On the West Coast, the economics are different. Proximity to Asian markets with low wages and high appetites for plastics mean that it is economical to ship unsorted loads of plastics to China and countries. There, the costs of sorting are lower and environmental laws less restrictive in remanufacturing and disposal practices than in the US. The proximity of West Coast cities to these markets means that a container full of mixed bottles, tubs, bags, and even toys will be worth something in Asia. Not everything in this mixed load will necessarily end up recycled, but Asian buyers find it worth it to buy the whole load because some of the mixed load will command a price.

    By now the logic behind asking for only plastic bottles and jugs in our commingled curbside recycling should be coming into focus:

    – All plastic bottles and jugs are blow-molded.
    – The vast majority of plastic bottles and jugs are #1 or #2.
    – Strong secondary markets only exist for #1 and #2 blow molded plastics when collected in commingled form

    We are currently in the process of updating our website to convey this information, and more, on the very complex subject of plastics and plastics recycling. If you have any comments or questions on this response to your inquiry, I would be interested in hearing from you. Please submit comments via the Wasteless website:

  11. palnquin May 2, 2009 at 5:56 pm

    I reuse all of my plastic yogurt, cottage cheese, soup, berry containers again and again but I still have dozens of them that I don’t want to have wind up in a land fill. Watercolor classes and other art classes used to use them for mixing paint, washing brushes, etc. Is there any school or outlet for these in the NYC metro area. They are overtaking my closet!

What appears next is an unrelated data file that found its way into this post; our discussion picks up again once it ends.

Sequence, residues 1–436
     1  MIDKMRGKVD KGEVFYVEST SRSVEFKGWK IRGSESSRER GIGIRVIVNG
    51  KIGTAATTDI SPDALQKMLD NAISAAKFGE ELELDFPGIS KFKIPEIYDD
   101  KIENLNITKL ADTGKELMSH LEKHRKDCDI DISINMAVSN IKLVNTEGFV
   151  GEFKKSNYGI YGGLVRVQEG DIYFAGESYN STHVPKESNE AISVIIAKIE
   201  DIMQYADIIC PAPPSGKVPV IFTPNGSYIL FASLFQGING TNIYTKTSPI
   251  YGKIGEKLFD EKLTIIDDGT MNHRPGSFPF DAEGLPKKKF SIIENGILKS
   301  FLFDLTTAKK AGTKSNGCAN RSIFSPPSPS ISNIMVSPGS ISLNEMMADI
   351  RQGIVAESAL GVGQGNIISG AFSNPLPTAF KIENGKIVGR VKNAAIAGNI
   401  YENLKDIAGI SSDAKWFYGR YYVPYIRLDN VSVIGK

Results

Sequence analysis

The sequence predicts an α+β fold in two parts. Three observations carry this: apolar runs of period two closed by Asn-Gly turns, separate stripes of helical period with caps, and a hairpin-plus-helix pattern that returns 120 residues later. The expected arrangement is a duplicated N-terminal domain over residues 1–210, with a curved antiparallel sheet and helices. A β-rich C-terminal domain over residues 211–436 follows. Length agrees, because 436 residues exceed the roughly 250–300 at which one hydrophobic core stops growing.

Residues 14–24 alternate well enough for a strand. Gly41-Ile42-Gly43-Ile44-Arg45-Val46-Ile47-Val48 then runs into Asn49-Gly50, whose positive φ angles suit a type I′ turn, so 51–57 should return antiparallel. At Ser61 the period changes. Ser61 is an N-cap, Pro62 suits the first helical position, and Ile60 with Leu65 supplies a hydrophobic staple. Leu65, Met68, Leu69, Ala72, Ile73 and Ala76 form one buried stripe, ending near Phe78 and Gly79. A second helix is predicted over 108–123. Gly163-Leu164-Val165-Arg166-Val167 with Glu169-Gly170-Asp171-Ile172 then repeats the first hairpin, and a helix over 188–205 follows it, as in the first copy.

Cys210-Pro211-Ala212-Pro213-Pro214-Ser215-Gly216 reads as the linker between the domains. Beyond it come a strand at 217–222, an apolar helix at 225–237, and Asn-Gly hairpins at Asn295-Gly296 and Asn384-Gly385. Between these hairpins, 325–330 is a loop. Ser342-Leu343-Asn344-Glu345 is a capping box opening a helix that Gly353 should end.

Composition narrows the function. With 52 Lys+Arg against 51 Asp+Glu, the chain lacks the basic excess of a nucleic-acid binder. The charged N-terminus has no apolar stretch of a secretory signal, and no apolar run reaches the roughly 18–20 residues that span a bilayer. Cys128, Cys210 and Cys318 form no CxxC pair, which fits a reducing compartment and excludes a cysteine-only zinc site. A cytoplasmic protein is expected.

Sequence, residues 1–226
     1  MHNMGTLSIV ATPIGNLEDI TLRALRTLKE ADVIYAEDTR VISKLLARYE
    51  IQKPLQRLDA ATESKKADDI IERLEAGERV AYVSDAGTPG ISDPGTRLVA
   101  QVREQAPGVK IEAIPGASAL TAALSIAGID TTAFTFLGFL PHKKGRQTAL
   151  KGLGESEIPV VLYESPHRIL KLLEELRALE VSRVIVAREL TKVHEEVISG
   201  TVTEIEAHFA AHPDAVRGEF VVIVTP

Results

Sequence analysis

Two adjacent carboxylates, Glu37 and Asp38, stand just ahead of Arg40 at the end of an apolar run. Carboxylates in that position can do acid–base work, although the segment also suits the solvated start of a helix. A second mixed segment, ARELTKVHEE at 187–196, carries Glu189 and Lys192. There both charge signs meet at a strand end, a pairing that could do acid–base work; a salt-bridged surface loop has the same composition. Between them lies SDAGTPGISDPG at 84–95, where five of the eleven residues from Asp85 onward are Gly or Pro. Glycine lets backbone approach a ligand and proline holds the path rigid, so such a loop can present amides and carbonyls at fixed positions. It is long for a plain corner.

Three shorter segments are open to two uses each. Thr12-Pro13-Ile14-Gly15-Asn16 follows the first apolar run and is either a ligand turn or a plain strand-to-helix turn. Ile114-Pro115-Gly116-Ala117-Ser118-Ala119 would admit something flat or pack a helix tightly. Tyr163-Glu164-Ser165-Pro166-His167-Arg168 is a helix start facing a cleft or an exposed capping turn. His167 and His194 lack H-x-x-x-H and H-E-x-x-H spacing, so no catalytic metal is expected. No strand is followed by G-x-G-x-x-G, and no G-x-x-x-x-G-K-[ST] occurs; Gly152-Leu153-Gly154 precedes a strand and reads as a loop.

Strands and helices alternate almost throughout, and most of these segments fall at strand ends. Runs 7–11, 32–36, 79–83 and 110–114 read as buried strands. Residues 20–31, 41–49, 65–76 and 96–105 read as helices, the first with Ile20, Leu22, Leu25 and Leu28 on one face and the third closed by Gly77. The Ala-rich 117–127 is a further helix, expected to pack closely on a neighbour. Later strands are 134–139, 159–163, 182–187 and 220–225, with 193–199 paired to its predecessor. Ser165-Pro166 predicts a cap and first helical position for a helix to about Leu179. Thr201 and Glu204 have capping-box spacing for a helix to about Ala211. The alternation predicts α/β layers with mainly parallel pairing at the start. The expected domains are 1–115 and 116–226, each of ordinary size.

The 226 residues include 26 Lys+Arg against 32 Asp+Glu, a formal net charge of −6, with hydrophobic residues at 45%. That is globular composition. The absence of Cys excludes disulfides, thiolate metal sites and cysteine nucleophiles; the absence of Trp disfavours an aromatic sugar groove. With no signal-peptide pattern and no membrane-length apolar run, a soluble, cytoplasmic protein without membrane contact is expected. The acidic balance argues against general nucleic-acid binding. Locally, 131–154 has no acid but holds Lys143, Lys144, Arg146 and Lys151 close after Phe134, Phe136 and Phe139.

12. H1977 April 18, 2009 at 7:22 am

    So I’ve lived in SF,& now live in Santa monica. The person above that said so. Cal. Doesn’t recycle doesn’t know what they’re talking about. Recycling is free, you no longer even have to sort the plastic from the paper, they also recycle lawn waste,& I’ve never lived in a city that made it easier! I just read an article stating that my city ( in southern calif.) recycles 80% of their waste. When I lived 5 minutes away in LA, it was just as easy! It’s sad the NYC chooses not to do more for the earth. Maybe that’s why we get so many people moving here from NY.

  13. kyliefnyc April 13, 2009 at 7:33 pm

    Thanks for the park slope recycling tip, I also found a place in Newark which is a short 8 mile drive for anyone
    with a car, they recycle most plastics. Waste Mgmt Recycle America 150 Saint Charles St. Newark, NJ 07105
    Phone # 973-344-3003. They are open weekdays till 5:30 and on Saturdays. I think there should be some mobile recycling units for New York City for those people who would be willing to save their plastics until units come around once or twice a month.

  14. davidbivins April 3, 2009 at 1:38 pm

    This article only demonstrates your inability to do 5 minutes of research. The cartoonish recycling fliers and labels that we all get in the mail have told you what you can and cannot recycle for years. Even if you don’t know English very well you can figure it out (and they’re available in multiple languages).